From: Dima Sorkin (dsorkin_at_[hidden])
Date: 2008-06-01 05:50:08
Please see below.
Quoting Hongzheng Wang <wanghz_at_[hidden]>:
> I scanned the archives of mailing lists for the usage of
> array_adaptor<>. It seems that the typical usage is as the following
> double extdat[N];
> array_adaptor<double> aa(N, extdat);
> vector<double, array_adaptor<double> > vd(N, aa);
> By tracing the codes, I found that aa and extdat are sharing the same
> raw data. That is, &aa.data() points to extdat. But vd does not
> shares the data. Instead, when vd is constructed, it seems that a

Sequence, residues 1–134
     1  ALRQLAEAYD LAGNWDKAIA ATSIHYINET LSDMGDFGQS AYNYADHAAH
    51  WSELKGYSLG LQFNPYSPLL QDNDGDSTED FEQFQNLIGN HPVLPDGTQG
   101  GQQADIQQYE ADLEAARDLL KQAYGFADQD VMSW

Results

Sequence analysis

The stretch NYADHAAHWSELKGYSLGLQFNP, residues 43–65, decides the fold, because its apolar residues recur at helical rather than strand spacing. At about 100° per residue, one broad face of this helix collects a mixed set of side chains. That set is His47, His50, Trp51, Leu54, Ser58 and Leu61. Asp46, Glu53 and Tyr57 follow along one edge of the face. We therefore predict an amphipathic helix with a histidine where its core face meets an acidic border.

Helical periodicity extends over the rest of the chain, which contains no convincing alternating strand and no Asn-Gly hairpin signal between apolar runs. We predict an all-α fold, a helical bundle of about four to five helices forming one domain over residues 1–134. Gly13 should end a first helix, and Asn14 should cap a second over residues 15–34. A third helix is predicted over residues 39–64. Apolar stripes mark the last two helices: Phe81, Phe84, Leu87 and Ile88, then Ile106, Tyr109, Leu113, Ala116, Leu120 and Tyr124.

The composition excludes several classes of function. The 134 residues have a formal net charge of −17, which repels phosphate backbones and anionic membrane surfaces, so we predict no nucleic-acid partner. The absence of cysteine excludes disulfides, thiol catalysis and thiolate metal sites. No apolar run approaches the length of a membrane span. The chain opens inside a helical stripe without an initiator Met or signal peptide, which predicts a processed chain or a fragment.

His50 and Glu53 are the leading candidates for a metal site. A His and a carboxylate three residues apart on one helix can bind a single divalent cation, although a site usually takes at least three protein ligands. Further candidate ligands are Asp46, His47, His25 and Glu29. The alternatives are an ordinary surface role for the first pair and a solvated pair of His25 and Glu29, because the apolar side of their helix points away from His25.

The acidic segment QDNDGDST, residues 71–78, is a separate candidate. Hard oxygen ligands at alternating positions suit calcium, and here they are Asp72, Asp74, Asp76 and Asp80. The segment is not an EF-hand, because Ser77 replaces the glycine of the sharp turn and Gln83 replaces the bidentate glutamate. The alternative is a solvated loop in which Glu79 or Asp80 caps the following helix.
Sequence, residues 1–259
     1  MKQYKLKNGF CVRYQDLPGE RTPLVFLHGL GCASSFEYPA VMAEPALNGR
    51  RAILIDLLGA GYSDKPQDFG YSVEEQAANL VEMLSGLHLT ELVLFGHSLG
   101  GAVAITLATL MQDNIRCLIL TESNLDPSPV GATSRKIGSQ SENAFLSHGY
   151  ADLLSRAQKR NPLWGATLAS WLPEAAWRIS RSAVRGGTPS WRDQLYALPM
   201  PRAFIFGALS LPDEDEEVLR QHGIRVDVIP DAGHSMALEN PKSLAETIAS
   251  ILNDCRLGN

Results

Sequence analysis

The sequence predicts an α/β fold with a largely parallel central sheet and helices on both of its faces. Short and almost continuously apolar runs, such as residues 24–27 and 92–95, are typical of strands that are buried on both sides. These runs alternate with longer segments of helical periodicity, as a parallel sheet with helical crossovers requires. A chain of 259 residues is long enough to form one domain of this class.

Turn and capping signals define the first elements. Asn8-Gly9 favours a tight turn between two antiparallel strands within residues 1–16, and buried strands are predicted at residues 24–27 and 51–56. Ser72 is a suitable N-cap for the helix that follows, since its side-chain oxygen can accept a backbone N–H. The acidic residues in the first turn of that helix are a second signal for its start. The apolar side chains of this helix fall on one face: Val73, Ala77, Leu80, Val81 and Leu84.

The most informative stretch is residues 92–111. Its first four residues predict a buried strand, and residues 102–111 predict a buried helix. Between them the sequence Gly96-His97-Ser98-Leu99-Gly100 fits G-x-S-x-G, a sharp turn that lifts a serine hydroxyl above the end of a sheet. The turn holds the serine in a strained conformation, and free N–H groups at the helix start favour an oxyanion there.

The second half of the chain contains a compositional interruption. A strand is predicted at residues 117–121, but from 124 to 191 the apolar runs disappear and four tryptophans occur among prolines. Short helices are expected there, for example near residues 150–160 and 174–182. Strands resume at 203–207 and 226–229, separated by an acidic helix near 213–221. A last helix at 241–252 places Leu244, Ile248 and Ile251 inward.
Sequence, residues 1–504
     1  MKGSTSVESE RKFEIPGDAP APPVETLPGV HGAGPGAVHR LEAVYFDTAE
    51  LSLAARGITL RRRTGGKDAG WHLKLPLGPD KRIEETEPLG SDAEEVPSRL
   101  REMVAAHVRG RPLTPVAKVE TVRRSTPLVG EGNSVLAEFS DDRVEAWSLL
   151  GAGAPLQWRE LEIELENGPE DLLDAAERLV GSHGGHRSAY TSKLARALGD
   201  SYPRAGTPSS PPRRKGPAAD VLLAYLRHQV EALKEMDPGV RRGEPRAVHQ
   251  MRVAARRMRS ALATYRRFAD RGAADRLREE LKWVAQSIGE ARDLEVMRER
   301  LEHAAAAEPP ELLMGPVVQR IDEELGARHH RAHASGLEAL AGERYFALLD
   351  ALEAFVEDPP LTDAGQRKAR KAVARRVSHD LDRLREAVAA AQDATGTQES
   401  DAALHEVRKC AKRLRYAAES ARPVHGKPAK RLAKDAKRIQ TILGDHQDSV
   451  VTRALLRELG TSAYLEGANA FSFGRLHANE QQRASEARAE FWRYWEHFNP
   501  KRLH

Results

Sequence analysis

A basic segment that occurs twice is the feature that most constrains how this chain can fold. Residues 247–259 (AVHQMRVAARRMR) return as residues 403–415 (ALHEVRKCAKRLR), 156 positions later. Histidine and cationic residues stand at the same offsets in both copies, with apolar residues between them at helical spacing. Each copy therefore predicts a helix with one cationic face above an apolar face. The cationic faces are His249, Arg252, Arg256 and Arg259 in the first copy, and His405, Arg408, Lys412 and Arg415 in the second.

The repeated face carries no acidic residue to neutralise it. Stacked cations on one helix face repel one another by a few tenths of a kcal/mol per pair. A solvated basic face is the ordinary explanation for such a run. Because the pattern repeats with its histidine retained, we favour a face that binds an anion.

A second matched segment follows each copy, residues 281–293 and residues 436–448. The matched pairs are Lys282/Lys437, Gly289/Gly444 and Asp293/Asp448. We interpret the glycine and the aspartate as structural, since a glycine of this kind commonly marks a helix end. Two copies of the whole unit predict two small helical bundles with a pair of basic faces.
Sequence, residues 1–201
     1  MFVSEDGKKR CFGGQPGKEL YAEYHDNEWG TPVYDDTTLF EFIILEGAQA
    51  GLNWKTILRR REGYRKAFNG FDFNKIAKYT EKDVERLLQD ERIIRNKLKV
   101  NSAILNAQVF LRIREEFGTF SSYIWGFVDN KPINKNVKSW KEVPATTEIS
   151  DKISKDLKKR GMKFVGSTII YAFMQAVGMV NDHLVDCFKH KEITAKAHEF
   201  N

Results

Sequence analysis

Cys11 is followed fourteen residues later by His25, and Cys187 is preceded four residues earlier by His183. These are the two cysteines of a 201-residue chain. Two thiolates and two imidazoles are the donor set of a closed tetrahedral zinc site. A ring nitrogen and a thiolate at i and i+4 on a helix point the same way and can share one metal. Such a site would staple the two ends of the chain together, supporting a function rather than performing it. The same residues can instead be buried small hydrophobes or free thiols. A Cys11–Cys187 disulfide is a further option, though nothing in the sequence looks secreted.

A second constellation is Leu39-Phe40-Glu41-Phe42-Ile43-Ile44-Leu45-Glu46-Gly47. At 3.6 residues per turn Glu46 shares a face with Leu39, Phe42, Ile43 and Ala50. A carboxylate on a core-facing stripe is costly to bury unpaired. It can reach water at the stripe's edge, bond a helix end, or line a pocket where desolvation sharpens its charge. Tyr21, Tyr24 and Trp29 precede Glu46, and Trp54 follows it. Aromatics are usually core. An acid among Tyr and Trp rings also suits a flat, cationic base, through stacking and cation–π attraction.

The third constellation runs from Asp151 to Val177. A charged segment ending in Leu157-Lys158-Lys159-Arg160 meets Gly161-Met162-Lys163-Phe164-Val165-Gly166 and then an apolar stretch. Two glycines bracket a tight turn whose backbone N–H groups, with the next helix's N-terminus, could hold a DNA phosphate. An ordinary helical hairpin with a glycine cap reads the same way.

> copy of extdat is created to setup the new vector. So, I wonder what
> is the advantage of using array_adaptor. In other words, why not just
> use std::copy or even memcopy (if the layouts are contiguous) to do
> the same thing? Is there any special design purpose in inventing
AFAIK, it is to adapt a raw array and then use its contents (by copying).
Otherwise how would you create a ublas::vector from a raw data ?
For the aim of aliasing the data, there is a shallow_array_adaptor.
The concept of how a shallow array should work is not closed,
there were many other ideas, between them carray_adaptor in 1.32 release.